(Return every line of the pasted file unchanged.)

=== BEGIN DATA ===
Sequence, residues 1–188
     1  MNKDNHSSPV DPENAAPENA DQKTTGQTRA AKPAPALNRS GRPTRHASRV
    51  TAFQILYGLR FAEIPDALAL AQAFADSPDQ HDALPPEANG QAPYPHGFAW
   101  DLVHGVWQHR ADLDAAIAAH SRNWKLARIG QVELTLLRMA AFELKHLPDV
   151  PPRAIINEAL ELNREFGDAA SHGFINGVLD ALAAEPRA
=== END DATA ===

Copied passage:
Sequence, residues 1–188
     1  MNKDNHSSPV DPENAAPENA DQKTTGQTRA AKPAPALNRS GRPTRHASRV
    51  TAFQILYGLR FAEIPDALAL AQAFADSPDQ HDALPPEANG QAPYPHGFAW
   101  DLVHGVWQHR ADLDAAIAAH SRNWKLARIG QVELTLLRMA AFELKHLPDV
   151  PPRAIINEAL ELNREFGDAA SHGFINGVLD ALAAEPRA